When Jerry Hludzik auditioned to be the bass player in The Buoys, the song that would become the band’s biggest hit, “Timothy,” was already resonating with audiences locally and regionally, but that didn’t diminish his impact on the group.
“He was so prepared and he was so good,” said Hludzik’s longtime musical partner, Bill Kelly, of the audition. “We went outside and left Jerry inside, and I remember saying, ‘He’s so good. We’ve got to hire him. We’ve got to hire him. That’s how Jerry got in The Buoys.”
Jammin’ For Jerry, a concert to honor and benefit Hludzik, who is living with early-onset dementia, will begin at 7:45 p.m. Thursday at Best Western Plus Genetti Hotel & Conference Center in downtown Wilkes-Barre.
The evening will feature performances by Kelly and Hludzik with Hdluzik’s son, Eli, on drums; Rock and Roll Hall of Fame member Danny Seraphine of Chicago; Arc Angel; The Idol Kings, Stonebridge; Strawberry Jam; Daddy-O and the Sax Maniax and Flaxy Morgan.
Kelly and Hludzik taking the stage together will be a familiar site to fans of their music. After Hludzik, who hails from Jeddo, joined Kelly, a Wyoming native, and the rest of The Buoys, the two hit it off immediately.
“I was writing a lot and didn’t have a solid writing partner in the band yet,” Kelly said in a phone interview from his home in Nashville, Tenn. “And then Jerry was there. We wrote most of all The Buoys’ albums. Jerry has an amazing work ethic.
“I thought I was fairly disciplined, but I’m nothing compared to him. He’s manic when it comes to sticking his nose to the grindstone.”
The pair would go on to form the Jerry Kelly Band as an outlet for their original music that, according to Kelly, didn’t interest other members of The Buoys. They also founded Dakota, a group that opened 35 dates for Queen during the 1980 “The Game” tour.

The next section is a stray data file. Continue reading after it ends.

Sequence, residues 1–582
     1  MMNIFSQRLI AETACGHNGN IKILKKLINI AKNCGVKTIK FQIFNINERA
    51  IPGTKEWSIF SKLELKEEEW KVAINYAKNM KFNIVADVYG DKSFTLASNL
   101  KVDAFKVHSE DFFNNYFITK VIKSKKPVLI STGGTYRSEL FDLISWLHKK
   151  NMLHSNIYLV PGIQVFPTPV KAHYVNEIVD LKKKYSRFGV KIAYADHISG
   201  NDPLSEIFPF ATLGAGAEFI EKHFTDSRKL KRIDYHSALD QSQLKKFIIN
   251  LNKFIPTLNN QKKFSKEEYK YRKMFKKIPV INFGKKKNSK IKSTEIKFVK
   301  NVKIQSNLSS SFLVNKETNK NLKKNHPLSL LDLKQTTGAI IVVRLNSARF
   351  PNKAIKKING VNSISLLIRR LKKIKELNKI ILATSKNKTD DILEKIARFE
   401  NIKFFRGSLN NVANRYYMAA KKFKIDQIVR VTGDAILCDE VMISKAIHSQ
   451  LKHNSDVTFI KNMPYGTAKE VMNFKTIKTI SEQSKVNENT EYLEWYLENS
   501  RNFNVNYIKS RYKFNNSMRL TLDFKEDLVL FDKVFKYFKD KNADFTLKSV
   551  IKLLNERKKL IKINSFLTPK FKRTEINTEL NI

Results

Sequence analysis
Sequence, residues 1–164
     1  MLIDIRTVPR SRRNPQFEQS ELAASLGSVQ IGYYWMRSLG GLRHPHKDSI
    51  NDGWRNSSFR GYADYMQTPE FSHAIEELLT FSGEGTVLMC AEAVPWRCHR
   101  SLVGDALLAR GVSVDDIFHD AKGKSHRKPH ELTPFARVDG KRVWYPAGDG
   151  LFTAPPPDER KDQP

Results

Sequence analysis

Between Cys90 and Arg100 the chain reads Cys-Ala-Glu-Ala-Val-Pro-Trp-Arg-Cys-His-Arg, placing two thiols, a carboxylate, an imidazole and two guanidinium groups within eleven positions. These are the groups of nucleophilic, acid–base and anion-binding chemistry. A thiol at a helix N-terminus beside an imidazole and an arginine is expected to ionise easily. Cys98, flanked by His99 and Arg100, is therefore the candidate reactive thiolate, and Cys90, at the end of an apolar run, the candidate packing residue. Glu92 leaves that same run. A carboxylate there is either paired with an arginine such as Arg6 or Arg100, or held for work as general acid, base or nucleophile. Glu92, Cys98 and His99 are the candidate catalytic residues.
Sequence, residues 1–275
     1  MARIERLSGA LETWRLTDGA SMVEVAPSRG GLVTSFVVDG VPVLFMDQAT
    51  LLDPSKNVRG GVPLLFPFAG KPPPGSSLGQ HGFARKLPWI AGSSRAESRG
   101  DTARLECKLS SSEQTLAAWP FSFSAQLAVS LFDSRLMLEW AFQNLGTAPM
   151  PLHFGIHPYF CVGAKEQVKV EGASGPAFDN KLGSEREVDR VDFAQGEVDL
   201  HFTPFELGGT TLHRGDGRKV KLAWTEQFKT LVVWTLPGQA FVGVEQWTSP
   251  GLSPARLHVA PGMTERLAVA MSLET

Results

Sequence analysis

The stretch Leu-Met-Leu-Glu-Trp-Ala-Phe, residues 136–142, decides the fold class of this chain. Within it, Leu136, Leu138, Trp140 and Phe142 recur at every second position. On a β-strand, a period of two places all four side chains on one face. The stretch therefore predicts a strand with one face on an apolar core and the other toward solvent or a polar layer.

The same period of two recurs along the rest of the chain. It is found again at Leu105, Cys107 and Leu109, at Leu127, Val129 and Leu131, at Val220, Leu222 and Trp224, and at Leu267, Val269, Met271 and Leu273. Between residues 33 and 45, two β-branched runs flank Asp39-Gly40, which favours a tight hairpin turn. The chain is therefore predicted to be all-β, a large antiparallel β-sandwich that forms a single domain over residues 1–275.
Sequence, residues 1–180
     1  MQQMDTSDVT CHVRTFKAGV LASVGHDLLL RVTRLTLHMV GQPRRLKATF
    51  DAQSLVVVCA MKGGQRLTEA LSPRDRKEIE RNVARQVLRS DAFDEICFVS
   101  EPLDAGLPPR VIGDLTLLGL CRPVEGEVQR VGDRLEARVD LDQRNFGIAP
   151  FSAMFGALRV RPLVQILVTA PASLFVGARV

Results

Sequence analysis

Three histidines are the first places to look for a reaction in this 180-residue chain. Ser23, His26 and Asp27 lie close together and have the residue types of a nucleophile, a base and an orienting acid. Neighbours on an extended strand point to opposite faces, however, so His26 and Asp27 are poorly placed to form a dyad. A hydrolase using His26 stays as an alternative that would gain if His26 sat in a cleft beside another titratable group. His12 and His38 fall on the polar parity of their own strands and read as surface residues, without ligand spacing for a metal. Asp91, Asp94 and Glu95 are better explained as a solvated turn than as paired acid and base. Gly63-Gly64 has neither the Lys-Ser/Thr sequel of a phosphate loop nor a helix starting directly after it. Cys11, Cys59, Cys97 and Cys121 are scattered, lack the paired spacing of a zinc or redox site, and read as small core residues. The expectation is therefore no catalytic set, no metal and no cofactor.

“We wrote five days a week,” Kelly said. “We’d get up early and we’d hit it. I’d get to Jerry’s house, and he’d be two pots of coffee in already. We were into it, passionate about the music we were writing, and that’s how the friendship and the relationship grew.”
That relationship is strong today, although it was tested — Kelly and Hludzik didn’t speak to each other for 17 years after parting ways in 1987, but a mutual friend, Jim Della Croce, brought them back together by inviting them both to the same dinner.
“I walked in, and who’s sitting with (Della Croce) but Jerry and his fiancee, Annie,” Kelly said. “By the time dinner was over, we buried the hatchet … and before you knew it, we put it back together again and we were writing.”
Referring to himself and Hludzik as “brothers in arms,” Kelly was hit hard by the news of Hludzik’s diagnosis.
“It’s nothing short of heartbreaking when you have somebody that close to you and you can see and hear little by little them fading away,” he said. “It makes you appreciate every moment you have in conversation and in hanging out.”
Jammin’ For Jerry
Kelly said he’s been in awe of the outpouring of love for Hludzik by all involved with the benefit. From Rich Kossuth at Pittston’s Rock Street Music, who made his inventory of sound equipment available, to Seraphine, who “dropped everything” to honor Hludzik, to all of the local musicians who jumped at the opportunity to participate, the effort, Kelly said, has been staggering.
“We said, ‘Wouldn’t it be nice to have Daddy-O be Chicago for the night?’” Kelly said. “They said, ‘What do you need.’ No questions asked. ‘We’ll do it for Jerry.’ That’ll humble you really quickly and make you grateful.”
In terms of the concert, Kelly said he’s sure it will be full of special moments, and he’s looking forward to the spotlight being on Hludzik.
“He’s been the best friend I’ve every had. He’s been more than a brother to me, and continues to be that,” Kelly said. “We’re going to do our best to do a great job for him. I just want to see that guy smile.”